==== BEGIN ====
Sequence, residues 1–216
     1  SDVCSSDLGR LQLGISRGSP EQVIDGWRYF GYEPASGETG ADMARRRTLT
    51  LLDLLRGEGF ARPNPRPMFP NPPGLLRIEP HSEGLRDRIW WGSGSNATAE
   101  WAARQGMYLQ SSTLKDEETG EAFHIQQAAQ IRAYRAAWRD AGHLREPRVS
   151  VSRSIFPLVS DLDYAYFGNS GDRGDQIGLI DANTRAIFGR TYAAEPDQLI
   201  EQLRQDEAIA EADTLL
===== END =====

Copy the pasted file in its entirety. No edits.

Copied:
Sequence, residues 1–216
     1  SDVCSSDLGR LQLGISRGSP EQVIDGWRYF GYEPASGETG ADMARRRTLT
    51  LLDLLRGEGF ARPNPRPMFP NPPGLLRIEP HSEGLRDRIW WGSGSNATAE
   101  WAARQGMYLQ SSTLKDEETG EAFHIQQAAQ IRAYRAAWRD AGHLREPRVS
   151  VSRSIFPLVS DLDYAYFGNS GDRGDQIGLI DANTRAIFGR TYAAEPDQLI
   201  EQLRQDEAIA EADTLL